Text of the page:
Remains Of 10 Native American Kids To Be Disinterred From Ex-Boarding School

2021-06-20 12:14:13

CARLISLE, Pa. (AP) — The remains of 10 more Native American children who died more than a century ago at a boarding school in central Pennsylvania are being disinterred and will be returned to their relatives, authorities said.

A team of archaeologists began work Saturday at the cemetery on the grounds of the Carlisle Barracks, which also houses the U.S. Army War College. Nine of the children were from the Rosebud Sioux tribe in South Dakota and one is from the Alaskan Aleut tribe.

The cemetery contains more than 180 graves of students who attended the former Carlisle Indian Industrial School — a government-run boarding school for Native American children. This is the Army’s fourth disinterment project at the school in as many years.

The school founded by an Army officer opened in 1879 and housed some 10,000 indigenous children before it shut down in 1918. Students were forced to cut their braids, dress in uniforms, speak English and adopt European names. Infectious disease and harsh conditions claimed the lives of many of the children buried there.

The Army is fully funding the cost of the project — about $500,000 per year, including travel to the transfer ceremony as well as transport and reburial of the deceased children, said Barbara Lewandrowski of the Office of Army Cemeteries. The Carlisle Barracks Post Cemetery closed Monday and will likely remain closed until July 17.

Boys are seen at the Indian Industrial School, which shut down in 1918. The remains of 10 Native American children who died at the school and were buried there will be returned to their relatives, authorities said.

“The Army’s commitment remains steadfast to these nine Native American families and one Alaskan Native family. Our objective is to reunite the families with their children in a manner of utmost dignity and respect,” Karen Durham-Aguilera, Executive Director of Army National Military Cemeteries, said in a statement Tuesday.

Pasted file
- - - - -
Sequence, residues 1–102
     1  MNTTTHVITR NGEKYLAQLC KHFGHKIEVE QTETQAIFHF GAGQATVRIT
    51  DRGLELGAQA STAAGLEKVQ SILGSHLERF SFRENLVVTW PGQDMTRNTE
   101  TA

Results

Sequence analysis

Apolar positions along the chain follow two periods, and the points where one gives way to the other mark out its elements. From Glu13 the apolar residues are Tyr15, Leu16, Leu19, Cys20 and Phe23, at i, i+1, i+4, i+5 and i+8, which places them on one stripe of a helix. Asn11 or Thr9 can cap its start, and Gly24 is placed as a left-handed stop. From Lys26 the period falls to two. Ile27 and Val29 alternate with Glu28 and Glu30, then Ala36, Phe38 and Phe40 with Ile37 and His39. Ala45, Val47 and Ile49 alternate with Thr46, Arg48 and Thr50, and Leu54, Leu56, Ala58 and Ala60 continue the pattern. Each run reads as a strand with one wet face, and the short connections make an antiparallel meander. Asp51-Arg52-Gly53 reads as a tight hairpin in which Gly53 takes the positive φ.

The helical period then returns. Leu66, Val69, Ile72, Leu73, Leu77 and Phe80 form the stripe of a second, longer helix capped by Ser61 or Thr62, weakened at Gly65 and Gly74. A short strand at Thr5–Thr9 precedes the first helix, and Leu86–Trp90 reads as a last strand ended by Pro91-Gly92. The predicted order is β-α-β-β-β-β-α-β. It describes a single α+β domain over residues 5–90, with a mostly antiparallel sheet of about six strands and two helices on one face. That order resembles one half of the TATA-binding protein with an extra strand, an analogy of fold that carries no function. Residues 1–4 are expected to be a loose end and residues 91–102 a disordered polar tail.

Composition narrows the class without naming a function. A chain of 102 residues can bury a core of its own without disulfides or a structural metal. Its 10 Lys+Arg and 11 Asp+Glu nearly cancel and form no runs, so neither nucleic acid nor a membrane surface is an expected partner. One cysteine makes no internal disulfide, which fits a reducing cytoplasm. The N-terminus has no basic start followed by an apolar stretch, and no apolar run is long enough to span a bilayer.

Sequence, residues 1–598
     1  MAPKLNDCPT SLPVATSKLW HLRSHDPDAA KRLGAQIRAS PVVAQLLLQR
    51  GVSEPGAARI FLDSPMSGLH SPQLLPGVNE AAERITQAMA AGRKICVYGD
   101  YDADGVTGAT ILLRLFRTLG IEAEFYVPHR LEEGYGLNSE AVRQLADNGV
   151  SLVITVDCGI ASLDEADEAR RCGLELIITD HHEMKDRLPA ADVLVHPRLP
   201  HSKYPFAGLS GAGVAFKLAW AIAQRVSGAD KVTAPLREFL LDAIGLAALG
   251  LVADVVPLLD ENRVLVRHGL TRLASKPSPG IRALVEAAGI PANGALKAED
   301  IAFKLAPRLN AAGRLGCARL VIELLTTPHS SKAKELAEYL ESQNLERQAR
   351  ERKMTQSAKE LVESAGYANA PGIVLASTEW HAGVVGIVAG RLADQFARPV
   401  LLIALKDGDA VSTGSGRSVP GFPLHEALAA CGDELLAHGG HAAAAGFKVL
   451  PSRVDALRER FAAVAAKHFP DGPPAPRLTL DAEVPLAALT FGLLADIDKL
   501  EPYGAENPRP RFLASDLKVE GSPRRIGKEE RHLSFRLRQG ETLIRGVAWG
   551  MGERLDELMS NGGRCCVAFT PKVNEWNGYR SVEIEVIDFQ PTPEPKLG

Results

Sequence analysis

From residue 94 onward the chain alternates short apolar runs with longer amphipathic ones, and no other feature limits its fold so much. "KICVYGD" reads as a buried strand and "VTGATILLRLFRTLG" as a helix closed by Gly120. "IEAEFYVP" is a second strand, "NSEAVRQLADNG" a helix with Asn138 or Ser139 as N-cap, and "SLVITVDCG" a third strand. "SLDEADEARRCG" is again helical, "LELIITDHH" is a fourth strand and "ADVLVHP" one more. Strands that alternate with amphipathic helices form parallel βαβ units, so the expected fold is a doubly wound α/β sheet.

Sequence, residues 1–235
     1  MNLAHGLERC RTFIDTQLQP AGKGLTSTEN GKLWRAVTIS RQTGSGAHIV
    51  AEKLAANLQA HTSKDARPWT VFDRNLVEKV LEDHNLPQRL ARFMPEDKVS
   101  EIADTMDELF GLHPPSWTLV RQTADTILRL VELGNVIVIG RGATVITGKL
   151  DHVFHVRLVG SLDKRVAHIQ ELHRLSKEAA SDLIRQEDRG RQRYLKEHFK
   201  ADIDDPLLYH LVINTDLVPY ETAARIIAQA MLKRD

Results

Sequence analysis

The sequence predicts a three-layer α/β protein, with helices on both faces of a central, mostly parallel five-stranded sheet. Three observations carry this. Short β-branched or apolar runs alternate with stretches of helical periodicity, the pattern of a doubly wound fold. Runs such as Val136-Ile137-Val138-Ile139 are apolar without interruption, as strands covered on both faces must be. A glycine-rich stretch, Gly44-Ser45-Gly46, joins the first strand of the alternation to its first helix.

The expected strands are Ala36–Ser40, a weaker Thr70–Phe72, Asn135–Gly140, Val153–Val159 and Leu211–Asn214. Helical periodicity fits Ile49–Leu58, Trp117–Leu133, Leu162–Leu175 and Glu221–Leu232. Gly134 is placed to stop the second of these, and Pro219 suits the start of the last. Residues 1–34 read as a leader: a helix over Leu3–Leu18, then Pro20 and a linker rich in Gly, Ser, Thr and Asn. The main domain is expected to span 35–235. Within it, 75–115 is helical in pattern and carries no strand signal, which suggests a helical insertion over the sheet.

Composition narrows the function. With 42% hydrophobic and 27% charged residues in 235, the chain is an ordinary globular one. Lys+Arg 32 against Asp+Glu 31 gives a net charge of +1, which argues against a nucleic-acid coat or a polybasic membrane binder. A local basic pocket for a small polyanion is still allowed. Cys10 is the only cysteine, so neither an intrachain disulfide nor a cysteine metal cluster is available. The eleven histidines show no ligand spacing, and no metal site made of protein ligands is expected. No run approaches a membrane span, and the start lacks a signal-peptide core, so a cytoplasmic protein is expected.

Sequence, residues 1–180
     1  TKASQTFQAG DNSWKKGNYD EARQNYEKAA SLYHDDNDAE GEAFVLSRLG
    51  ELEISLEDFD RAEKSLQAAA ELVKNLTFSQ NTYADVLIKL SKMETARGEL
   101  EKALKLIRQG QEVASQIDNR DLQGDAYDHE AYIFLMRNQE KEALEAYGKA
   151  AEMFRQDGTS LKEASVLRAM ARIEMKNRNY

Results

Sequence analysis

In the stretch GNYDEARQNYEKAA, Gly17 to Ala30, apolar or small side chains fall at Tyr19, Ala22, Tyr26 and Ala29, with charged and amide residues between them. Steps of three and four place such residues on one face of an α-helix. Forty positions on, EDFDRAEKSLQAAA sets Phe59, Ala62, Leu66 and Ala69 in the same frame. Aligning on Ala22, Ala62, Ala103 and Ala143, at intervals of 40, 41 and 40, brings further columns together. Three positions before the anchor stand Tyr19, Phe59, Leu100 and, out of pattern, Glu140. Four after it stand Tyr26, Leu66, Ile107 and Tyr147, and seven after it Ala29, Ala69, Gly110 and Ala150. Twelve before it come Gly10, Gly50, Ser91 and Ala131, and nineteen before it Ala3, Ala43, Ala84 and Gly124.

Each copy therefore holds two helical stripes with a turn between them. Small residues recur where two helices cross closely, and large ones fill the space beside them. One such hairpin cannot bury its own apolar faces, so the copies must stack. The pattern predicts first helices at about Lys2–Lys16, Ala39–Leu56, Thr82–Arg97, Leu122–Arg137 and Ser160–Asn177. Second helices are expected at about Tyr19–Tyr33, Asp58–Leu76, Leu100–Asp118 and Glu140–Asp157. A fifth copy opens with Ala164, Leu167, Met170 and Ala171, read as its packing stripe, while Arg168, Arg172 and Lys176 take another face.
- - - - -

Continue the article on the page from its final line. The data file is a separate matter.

Since 2016, dozens of Native American and Alaskan Native families have requested that their ancestors be returned from Carlisle, Lewandrowski said.

The children’s English names, and where available their Native Americans names, were: Dennis Strikes First (Blue Tomahawk), Rose Long Face (Little Hawk), Lucy Take The Tail (Pretty Eagle), Warren Painter (Bear Paints Dirt), Ernest Knocks Off (White Thunder), Maud Little Girl (Swift Bear), Friend Hollow Horn Bear, Dora Her Pipe (Brave Bull) and Alvan — also known as Roaster, Kills Seven Horses and One That Kills Seven Horses; and Sophia Tetoff of the Alaskan Aleut tribe on Saint Paul Island in the Bering Sea.

The Carlisle Indian School Digital Resource Center archives at Dickinson College include newspaper clippings detailing the deaths of some students or identification cards with name, tribal affiliation, date of arrival and date of departure, with the reason for the latter often listed as “death,” the Pittsburgh Post-Gazette reported.

Dennis Strikes First arrived Oct. 6, 1879 and died Jan.19, 1887 of typhoid pneumonia. A news item indicates that he was the son of Blue Tomahawk of Rosebud Agency, Dakota and calls him a “bright, studious, ambitious boy, standing first in his class, and of so tractable a disposition as to be no trouble to his teachers.”

Another clipping detailed the Dec. 14, 1880, deaths of Ernest Knocks Off and Maud Little Girl, describing it as a “sad and mysterious coincidence.” Ernest was sent to the hospital in October to receive treatment for a sore throat, but he wouldn’t agree to take any medicine, leaving him “weak and exhausted.” Maud Little Girl was said to have died of pneumonia and was called a “bright, impulsive, warm-hearted girl, much beloved by her school mates.”


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